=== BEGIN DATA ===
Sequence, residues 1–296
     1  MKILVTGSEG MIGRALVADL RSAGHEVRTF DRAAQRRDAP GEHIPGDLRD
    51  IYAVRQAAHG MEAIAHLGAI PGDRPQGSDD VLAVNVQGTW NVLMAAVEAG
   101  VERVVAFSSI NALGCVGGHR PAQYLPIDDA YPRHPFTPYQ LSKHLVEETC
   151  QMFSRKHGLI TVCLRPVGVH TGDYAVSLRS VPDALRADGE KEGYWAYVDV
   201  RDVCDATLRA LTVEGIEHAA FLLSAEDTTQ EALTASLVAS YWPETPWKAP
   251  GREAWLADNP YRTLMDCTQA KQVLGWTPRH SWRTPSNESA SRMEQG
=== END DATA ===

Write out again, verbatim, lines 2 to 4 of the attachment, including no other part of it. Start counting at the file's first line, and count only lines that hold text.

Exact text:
     1  MKILVTGSEG MIGRALVADL RSAGHEVRTF DRAAQRRDAP GEHIPGDLRD
    51  IYAVRQAAHG MEAIAHLGAI PGDRPQGSDD VLAVNVQGTW NVLMAAVEAG
   101  VERVVAFSSI NALGCVGGHR PAQYLPIDDA YPRHPFTPYQ LSKHLVEETC